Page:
A Manual for Listening to Quiet September 2016 Centre for Research Architecture, Goldsmiths College
“That won’t help you,” said the policemen, who always became very quiet, almost sad, when K. began to shout, and in that way confused him or, to some extent, brought him to his senses.
The Trial, Franz Kafka. 1925
To become quiet is usually regarded in a similar way to becoming passive, signifying that one has weakened their capacity to act in a situation. If to speak is to validate one’s existence, ‘our voices must be registered, and so we must be heard’, does being quiet mean that one is no longer participating or have given up their right to act? Quiet is an intrinsic part of all relations but has been consigned, by our contemporary political culture, to exist in the background of events. Here, quiet is considered firstly through the notion of presence as a political form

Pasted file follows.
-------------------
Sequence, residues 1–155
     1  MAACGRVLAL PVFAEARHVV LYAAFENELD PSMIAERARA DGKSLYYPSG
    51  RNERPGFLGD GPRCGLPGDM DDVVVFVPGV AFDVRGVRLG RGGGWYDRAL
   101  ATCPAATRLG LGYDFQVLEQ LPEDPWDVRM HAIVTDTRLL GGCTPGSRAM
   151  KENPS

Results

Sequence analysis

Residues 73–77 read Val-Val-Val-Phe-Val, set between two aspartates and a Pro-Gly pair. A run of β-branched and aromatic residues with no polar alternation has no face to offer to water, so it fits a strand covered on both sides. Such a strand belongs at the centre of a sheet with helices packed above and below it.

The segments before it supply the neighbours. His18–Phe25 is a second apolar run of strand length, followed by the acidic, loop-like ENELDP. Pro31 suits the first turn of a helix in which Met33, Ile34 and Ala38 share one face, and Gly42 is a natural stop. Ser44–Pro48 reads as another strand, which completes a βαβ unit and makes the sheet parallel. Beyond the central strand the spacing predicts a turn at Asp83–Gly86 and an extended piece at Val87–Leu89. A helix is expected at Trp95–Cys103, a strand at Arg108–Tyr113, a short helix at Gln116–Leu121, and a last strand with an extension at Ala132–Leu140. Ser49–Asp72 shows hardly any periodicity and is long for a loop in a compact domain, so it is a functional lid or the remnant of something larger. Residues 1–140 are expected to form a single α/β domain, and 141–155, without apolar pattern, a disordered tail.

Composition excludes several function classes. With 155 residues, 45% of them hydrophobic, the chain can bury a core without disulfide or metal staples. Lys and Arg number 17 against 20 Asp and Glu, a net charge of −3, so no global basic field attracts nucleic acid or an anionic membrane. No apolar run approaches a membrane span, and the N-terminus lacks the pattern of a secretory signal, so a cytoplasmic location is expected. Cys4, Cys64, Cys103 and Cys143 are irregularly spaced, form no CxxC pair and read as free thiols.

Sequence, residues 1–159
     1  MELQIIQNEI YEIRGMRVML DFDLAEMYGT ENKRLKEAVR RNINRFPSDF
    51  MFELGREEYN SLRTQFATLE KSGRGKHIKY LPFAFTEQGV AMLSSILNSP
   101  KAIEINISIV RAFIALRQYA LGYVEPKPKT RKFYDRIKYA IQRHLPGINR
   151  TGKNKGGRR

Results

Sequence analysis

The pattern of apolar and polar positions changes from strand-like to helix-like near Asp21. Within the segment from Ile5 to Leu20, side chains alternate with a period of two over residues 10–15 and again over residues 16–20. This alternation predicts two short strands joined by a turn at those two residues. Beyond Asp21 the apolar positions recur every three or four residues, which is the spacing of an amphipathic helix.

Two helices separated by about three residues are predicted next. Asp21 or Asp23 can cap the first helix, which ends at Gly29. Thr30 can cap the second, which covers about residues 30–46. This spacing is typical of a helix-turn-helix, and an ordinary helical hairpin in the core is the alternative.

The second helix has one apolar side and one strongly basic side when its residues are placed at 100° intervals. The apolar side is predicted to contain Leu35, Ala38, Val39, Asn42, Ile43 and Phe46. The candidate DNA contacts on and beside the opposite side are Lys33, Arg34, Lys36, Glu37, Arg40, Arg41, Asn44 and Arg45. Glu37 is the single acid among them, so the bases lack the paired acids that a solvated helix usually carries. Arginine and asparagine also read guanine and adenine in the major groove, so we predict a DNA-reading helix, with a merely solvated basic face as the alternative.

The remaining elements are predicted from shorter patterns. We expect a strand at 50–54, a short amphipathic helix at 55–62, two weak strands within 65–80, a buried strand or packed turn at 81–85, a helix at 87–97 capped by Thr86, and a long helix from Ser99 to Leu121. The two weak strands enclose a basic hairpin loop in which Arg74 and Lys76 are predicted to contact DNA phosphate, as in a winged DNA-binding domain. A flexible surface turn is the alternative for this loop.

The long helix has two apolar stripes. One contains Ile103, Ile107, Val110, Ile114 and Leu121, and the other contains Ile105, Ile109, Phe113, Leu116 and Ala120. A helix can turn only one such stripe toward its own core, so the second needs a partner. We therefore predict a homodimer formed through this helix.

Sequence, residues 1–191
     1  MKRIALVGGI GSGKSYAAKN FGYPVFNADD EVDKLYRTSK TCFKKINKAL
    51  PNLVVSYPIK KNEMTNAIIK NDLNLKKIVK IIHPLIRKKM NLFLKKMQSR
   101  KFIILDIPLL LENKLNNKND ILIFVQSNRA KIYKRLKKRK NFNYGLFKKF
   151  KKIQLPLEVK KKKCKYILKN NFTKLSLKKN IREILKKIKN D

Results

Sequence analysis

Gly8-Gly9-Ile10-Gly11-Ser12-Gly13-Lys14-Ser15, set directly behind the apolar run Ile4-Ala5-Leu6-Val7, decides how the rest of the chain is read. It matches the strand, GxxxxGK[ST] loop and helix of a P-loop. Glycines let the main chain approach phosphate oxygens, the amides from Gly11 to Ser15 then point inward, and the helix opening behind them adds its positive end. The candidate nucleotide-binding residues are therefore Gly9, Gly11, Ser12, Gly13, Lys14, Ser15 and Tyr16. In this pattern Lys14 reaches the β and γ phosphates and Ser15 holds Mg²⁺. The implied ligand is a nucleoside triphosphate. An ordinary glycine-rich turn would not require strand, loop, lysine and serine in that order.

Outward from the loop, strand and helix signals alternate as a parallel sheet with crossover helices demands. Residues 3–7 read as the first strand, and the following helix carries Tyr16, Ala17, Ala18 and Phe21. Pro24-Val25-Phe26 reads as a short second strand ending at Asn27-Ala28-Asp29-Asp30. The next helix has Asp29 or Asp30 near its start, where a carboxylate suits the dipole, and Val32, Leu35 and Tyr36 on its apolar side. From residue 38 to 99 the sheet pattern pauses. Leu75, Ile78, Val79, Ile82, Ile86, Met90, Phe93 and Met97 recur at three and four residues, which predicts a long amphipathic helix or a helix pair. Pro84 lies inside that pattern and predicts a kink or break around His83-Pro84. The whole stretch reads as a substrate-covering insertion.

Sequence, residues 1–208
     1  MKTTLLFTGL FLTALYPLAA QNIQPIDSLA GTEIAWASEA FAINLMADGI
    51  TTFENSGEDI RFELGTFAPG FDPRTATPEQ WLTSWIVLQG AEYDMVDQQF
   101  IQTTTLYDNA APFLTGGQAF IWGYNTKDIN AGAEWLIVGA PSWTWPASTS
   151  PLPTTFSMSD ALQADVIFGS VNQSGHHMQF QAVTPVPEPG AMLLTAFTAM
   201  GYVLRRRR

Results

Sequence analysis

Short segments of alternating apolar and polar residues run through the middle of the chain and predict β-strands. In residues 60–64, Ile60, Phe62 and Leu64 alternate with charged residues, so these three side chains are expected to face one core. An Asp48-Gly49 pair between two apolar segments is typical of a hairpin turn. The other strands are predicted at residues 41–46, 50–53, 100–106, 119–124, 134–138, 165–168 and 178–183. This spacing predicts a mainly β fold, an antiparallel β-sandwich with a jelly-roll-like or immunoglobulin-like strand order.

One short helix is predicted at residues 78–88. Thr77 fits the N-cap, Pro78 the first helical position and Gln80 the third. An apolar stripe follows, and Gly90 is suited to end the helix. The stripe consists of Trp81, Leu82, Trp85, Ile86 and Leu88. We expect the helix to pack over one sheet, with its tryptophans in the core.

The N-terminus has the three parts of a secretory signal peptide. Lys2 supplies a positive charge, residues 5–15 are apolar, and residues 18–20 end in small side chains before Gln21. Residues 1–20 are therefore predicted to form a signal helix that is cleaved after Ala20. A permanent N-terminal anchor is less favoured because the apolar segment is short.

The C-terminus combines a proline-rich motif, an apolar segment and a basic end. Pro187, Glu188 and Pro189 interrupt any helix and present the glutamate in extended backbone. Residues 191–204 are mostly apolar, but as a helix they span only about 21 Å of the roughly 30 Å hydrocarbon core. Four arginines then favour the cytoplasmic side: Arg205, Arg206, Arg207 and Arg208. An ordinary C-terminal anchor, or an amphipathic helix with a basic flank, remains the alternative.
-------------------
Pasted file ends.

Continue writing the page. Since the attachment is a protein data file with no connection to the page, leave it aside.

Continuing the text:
that precedes speech and secondly what it means to be quiet vis-à-vis power.
The archive comprises instances of quiet that emerge in varying situations that touch upon or grasp at the technique of governing. By inquiring methodologically into a condition, as opposed to anthropologically into a group of people who embody that condition or are affected by it, agencies are realigned to consider quiet not only as an absence of speech but also as a responsive relation between those things which share a presence.